Teacher recruitment and retention is a constant challenge for agriculture education programs across the country, both in rural and urban districts. And increasing representation of diversity is a major component of growth in these programs. Having leaders who not only understand what it means to be a diverse member of the community but who also bring a passion for helping others excel is a great asset to the future success of agriculture education.
For Chaney Mosley, an Assistant Professor at Middle Tennessee State University (MTSU) and active leader through national organizations such as the National Association of Agricultural Educators, agriculture education is more than training future teachers how to be successful in the classroom — it’s guiding students through the realization of what is possible, learning how to think instead of what to think.
“Students enter college programs with preconceived notions based on their own experiences — coaching them through the process of becoming a student of agriculture to a teacher is fulfilling,” Chaney says. “When they graduate, I hope they take away new concepts and a more global outlook, one that is laced with a respect for different backgrounds and perspectives.”
From his time as a student at MTSU 25 years ago to his role today as a faculty member, Chaney has seen an uptick in the enrollment of female students as well as people who represent other marginalized populations.
“A natural result of this is the diversification of the agricultural workforce, which leads to a greater diversity of thought and contributes to enhanced performance and productivity throughout our industry,” Chaney observes.
Leading for inclusion in agriculture education
As a gay man in agriculture and a member of rural communities, Chaney continues to step up as a leader and example for others, despite challenges that discourage such visibility and representation.
According to a 2019 survey by the Movement Advancement Project (MAP), an estimated 3 percent to 5 percent of rural populations identify as LGBTQ+. While still a minority of the population, it is important we find ways to support every member of our communities.
“Being hired to teach future agriculture teachers by an employer who knew of my identity and was also aware of the lack of LGBTQ+ visibility and acceptance in agriculture helped me feel supported and valued because of what I could do, not because of who I was,” Chaney says.
Yet rural communities may not always provide the most supportive structures for people who represent diverse populations. This can be measured through a lack of supportive opinions and fewer legal protections.
These challenges are amplified when national organizations such as the American Farm Bureau Federation set policies to define marriage in a way that excludes LGBTQ+ relationships.
Providing increased visibility and supportive services for underrepresented populations can be a critical component of success for people who may not find rural communities or the agricultural industry an inclusive space.
At the national level, organizations such as (MANNRS) and Students for Cultivating Change focus on inclusivity in agricultural education and provide an elevated voice and sense of belonging to young people who represent diversity in our communities.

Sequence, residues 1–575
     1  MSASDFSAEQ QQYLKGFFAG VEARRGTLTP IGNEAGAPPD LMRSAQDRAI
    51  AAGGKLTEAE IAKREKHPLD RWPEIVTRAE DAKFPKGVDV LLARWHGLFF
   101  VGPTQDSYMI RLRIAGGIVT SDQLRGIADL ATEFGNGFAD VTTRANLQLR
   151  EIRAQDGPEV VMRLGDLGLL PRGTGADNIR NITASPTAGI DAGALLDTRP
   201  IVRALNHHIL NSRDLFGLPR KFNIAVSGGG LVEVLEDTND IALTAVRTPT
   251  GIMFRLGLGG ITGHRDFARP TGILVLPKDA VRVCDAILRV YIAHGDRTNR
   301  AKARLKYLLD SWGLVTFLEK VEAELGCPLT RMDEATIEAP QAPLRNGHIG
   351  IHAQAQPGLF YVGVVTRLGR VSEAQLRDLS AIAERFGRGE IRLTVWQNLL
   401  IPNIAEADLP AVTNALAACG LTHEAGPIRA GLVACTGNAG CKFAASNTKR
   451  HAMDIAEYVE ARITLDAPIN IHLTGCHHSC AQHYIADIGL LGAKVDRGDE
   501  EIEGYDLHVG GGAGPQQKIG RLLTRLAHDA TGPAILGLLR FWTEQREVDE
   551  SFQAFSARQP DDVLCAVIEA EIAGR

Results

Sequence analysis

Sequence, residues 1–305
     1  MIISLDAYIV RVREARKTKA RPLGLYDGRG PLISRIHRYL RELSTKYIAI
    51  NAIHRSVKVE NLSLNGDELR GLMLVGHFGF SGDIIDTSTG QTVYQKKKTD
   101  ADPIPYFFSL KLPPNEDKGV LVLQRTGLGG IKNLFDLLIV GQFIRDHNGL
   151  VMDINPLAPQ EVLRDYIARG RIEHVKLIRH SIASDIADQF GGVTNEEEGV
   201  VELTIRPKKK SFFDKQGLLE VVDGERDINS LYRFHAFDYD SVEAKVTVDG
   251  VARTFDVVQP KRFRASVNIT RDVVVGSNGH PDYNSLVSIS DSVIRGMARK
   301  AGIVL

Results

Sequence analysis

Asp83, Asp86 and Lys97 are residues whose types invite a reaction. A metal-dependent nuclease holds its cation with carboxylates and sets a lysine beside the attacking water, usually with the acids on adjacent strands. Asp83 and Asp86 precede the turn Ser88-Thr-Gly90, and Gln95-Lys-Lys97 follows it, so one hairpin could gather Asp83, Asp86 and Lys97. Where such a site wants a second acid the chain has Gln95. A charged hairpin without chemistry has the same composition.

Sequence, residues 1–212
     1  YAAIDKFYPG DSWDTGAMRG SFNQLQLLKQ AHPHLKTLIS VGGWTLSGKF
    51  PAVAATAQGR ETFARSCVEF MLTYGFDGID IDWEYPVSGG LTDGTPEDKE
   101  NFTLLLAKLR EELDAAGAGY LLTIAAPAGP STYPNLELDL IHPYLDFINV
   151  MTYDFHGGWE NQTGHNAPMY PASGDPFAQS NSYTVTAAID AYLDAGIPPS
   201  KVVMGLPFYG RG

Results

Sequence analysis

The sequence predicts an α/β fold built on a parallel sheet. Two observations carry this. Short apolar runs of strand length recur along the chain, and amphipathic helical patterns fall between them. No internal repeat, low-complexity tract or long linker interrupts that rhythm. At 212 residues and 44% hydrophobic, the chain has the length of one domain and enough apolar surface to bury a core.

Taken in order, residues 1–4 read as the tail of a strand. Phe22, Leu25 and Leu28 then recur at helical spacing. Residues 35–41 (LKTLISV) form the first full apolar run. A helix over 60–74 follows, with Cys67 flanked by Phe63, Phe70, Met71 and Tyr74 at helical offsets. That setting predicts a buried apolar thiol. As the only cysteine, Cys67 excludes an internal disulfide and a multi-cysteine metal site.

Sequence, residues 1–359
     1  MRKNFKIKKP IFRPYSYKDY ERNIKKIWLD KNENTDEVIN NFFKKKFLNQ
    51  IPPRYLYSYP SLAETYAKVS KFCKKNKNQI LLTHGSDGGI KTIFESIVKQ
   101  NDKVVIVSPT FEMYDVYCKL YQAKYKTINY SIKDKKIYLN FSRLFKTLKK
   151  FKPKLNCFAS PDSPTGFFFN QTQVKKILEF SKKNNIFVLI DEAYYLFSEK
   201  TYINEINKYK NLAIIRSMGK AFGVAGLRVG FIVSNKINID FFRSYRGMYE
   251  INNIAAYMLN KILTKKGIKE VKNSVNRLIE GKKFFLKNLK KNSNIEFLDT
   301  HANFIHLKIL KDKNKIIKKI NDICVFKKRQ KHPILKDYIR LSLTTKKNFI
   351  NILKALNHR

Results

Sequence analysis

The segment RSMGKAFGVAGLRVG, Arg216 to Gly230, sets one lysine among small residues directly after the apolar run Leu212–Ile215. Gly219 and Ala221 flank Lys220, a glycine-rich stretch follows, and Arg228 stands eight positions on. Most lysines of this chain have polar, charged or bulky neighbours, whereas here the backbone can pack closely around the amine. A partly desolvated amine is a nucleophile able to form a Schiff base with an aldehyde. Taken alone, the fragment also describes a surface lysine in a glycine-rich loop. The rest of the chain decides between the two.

To cultivate a more inclusive workforce that is more representative of society, programs such as the U.S. Department of Agriculture’s National Institute of Food and Agriculture provide grant-funded opportunities to enhance the training and development of diverse populations.
“It is encouraging to see young people take advantage of leadership opportunities where there may have been greater barriers to participation in the past,” Chaney says. “As examples, we now see diverse student leaders at the state and national levels of organizations like 4-H and FFA in terms of race, ability, gender identity, sexual orientation, and other demographic characteristics.”
Being an example for diversity in agriculture
Upon his promotion to captain in the U.S. Army earlier this year, Chaney reflected on the evolution from an era of Don’t Ask, Don’t Tell to one that’s more inclusive. The steps toward greater inclusivity that Chaney has experienced in the military is one that agriculture communities can learn from.
“For many, change is hard; however, change only occurs when those who are not welcome in a space choose to show up anyway, often making personal sacrifices,” he says. “It is emotionally exhausting at times being the person who challenges those who don’t want to see me or people like me succeed.” But he continues working toward those goals as we see positive results and change.
As for other LGBTQ people in agriculture, Chaney advises, “Respect that we each have unique experiences and our stories are not all similar. Hold on to hope. Hopelessness is an awful feeling, and if you get there, know that support is available.”
To those who want to be allies to diverse people in our communities, Chaney encourages others to “speak up when you hear or observe things that run counter to inclusion, show up to events aimed at supporting or advancing LGBTQ+ people in agriculture, and lend your time and talents to those efforts.”
Ryan Goodman is a longtime advocate for livestock production and the people who make up the cattle industry. In addition to his Virginia farm family, he’s an avid trail and ultrarunner, proudly showing how beef can be an important part of a healthy diet and active lifestyle. Find Ryan on social media as @BeefRunner.
This article was published in partnership with American Farmland Trust.
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